We are not currently accepting applications for the Peace First Prize. Follow us on Twitter for our latest news and updates!

BabatundeBabatunde Salaam, 22, Baltimore, MD

As an African-American male growing up in urban Baltimore, Babatunde was all too familiar with the ongoing hostilities between young people of color and the police. After he was unfairly stopped by a police officer while walking home from an afterschool program, he knew he needed to take a stand against the injustice he was seeing.

Danielle Liebl, 22, St. Joseph, MN

Danielle was born with cerebral palsy and was told by several doctors that she would never succeed in school or live independently. But Danielle refused to live her life limited by the low expectations of experts.

Emily-Anne Rigal, 19, Williamsburg, VA

As a child Emily-Anne was severely bullied by her peers which resulted in her needing to transfer schools. At her new school she found friends who appreciated her for her and she gradually gained self-confidence.

Isabella Griffin, 10, Alamosa, CO

Isabella knows how big of an issue bullying is because she was bullied for the clothes she wore to school. She also  saw other children being bullied just for being different. One particular experience of seeing a classmate with disabilities being bullied spurred Isabella to take a stand.

Jessica Carscadden, 10, San Diego, CA

Adopted from an orphanage in China at five years old, Jessica knew what it felt like to be scared and unsure of herself in unfamiliar surroundings. She also knew that simple comforts, like having a stuffed animal to hold, could go a long way to help other children in frightful situations.

Justin Bachman, 16, Solon, OH

Justin experienced intolerance first-hand when, due to an episode of his Tourette’s syndrome, he was disqualified from a high school track meet. He was stunned and disappointed but instead of walking away dejected he decided to take his experience to make a difference for others.

Mary-Patricia Hector, 15, Lithonia, GA

Mary-Patricia noticed a sad trend in her life - that she was attending more funerals than graduations because her peers were senselessly killed by guns. Moved to action, she began researching the root causes of deaths in her community and possible action she could take to create change.

Nicholas Lowinger, 15, Cranston, RI

At the age of 5, Nicholas started visiting homeless shelters with his mom. There he met children who missed school, couldn’t participate in activities and sports, and had low self-esteem— all because they lacked adequate footwear.  He learned that very often children in shelters received previously worn shoes that didn’t fit well because they were molded to someone else’s feet.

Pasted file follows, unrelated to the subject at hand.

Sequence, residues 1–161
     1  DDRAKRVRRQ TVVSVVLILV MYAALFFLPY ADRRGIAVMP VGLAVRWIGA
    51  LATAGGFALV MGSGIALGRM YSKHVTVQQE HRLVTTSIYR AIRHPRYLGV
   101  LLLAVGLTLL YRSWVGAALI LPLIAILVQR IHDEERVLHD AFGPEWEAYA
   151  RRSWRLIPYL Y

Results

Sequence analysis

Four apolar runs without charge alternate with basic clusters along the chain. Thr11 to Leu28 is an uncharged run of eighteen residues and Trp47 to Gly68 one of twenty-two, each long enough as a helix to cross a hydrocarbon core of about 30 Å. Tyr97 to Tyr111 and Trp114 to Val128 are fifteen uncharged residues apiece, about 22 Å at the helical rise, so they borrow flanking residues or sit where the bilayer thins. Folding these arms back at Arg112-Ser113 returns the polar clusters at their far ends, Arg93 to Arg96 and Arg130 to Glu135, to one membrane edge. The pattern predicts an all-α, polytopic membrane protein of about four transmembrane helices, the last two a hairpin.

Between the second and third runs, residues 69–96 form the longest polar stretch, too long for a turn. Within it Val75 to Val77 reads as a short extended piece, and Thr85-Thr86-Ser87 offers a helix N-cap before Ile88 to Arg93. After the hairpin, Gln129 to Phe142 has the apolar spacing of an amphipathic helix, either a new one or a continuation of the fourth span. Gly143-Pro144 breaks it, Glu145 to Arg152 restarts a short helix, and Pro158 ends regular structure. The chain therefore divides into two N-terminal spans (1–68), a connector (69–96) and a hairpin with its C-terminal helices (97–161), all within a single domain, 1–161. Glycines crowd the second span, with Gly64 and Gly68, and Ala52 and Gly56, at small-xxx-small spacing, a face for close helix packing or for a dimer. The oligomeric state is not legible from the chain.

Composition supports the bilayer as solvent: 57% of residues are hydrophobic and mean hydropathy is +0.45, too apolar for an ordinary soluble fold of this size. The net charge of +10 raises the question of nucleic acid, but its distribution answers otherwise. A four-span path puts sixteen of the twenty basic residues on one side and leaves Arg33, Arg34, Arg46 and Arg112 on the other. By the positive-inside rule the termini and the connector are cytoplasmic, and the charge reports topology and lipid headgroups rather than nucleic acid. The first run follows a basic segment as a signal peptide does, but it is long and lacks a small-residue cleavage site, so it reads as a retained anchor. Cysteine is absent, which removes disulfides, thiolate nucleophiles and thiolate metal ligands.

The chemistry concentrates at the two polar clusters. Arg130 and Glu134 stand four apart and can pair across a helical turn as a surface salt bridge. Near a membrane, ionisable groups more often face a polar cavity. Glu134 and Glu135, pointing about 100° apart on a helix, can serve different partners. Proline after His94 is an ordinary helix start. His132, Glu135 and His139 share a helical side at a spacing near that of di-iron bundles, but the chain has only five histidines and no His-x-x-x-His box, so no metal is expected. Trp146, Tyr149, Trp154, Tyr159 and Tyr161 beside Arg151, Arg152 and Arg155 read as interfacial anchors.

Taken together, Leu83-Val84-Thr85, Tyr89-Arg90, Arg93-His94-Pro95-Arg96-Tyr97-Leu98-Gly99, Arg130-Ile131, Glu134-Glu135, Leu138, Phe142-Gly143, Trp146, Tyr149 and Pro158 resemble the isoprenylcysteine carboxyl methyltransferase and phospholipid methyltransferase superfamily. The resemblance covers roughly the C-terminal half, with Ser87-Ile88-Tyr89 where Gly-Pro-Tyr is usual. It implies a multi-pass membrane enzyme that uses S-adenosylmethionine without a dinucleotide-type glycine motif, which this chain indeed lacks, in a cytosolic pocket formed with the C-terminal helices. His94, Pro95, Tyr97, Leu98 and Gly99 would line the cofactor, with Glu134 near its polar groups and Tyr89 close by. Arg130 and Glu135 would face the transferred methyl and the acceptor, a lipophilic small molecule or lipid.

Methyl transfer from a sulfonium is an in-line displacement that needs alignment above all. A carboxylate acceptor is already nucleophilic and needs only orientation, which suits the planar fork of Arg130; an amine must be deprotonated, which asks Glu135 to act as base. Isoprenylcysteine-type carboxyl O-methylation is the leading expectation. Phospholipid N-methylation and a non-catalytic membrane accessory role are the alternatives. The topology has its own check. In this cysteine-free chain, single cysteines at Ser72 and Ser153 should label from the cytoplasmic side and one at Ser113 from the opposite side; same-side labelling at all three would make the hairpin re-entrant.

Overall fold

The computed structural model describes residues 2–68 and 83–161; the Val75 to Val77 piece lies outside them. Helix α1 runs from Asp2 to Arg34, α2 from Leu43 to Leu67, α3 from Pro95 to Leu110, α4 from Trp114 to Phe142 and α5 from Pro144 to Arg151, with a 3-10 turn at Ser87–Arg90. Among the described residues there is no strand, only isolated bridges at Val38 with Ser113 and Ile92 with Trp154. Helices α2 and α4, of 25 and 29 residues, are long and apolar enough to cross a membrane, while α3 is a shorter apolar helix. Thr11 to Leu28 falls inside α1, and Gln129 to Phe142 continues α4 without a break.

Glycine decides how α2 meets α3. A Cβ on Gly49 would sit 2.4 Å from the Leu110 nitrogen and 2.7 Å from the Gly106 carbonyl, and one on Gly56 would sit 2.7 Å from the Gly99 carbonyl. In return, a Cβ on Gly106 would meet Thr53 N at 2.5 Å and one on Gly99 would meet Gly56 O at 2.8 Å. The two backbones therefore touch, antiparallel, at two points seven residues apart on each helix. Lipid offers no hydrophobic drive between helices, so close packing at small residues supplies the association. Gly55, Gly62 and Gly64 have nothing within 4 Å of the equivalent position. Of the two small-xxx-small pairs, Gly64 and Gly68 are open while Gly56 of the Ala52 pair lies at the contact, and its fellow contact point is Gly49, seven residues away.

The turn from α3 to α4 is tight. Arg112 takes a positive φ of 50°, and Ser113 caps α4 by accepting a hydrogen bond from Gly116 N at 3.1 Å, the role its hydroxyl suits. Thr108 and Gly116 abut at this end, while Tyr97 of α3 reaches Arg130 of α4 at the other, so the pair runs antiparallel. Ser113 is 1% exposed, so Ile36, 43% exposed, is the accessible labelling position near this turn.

Sarah Cronk, 20, Bettendorf, IA

Sarah’s older brother has a disability, but it wasn’t until high school that she noticed he wasn’t included in school activities and sports. One day, a popular athlete invited her brother to sit with him at lunch—this seemingly small action changed both Sarah’s and her brother’s high school experiences.

Wei Chen, 22, Philadelphia, PA

At 15, Wei moved from China to Philadelphia where he and other Asian students in his South Philadelphia high school encountered hostility, harassment, and physical abuse simply because of their ethnicity. Wei could easily have become just another victim, but instead he took the time to consider why he and other students were being harassed.

2015 peace first prize winners


brennan projectBrennan Lewis, 18, Apex, NC

Growing up a member of the LGBTQ community in North Carolina, Brennan saw firsthand the difficulties and feelings of isolation that LGBTQ youth can endure in a heteronormative environment. And while Brennan was very fortunate to have a loving support system in their family and friends, they saw others who weren’t as lucky. So with a strong sense of compassion, Brennan and a friend took action and courageously created QueerNC.


grace projectGrace Callwood, 10, Abingdon, MD

Grace is a cancer survivor who learned, through giving away clothing that didn’t fit her post-treatment, that anyone and everyone can help brighten the day of their neighbor. The girls who received Grace’s donation had just moved into a homeless housing complex and were thrilled to be getting new clothes for school. After hearing what a difference her donation made in their day, Grace wanted to help other children who were going through tough times.


jasmine projectJasmine Babers, 19, Rock Island, IL

After watching her best friend and sister endure bullying and witnessing the devastating effects that it can have on them, Jasmine decided it was time someone created an outlet to promote compassion and tolerance among young women.


xiuhtezcatl project 2Xiuhtezcatl Martinez, 15, Boulder, CO

Growing up, Xiuhtezcatl’s father emphasized his obligation to taking care of the land – a privilege and responsibility that, in a world ravaged by climate change, he does not take lightly. He has been on the front lines of the fight for the environment since he was four, attending and leading rallies and summits, always willing to confront adult leaders for the current climate crisis we see today.


yasminearringtonactionphototwoYasmine Arrington, 22, Washington D.C.

2.7 million young people in the US have an incarcerated parent, and statistics show that they are more likely to drop out of high school and go to jail themselves because of it. Yasmine is one of those 2.7 million; she has experienced firsthand the financial and emotional burdens, and the marginalization that a family goes through as a result. And through building a meaningful relationship with her incarcerated parent, by forgiving him, she was motivated to do something to support her peers and help them find their own peace of mind and end this cycle of incarceration.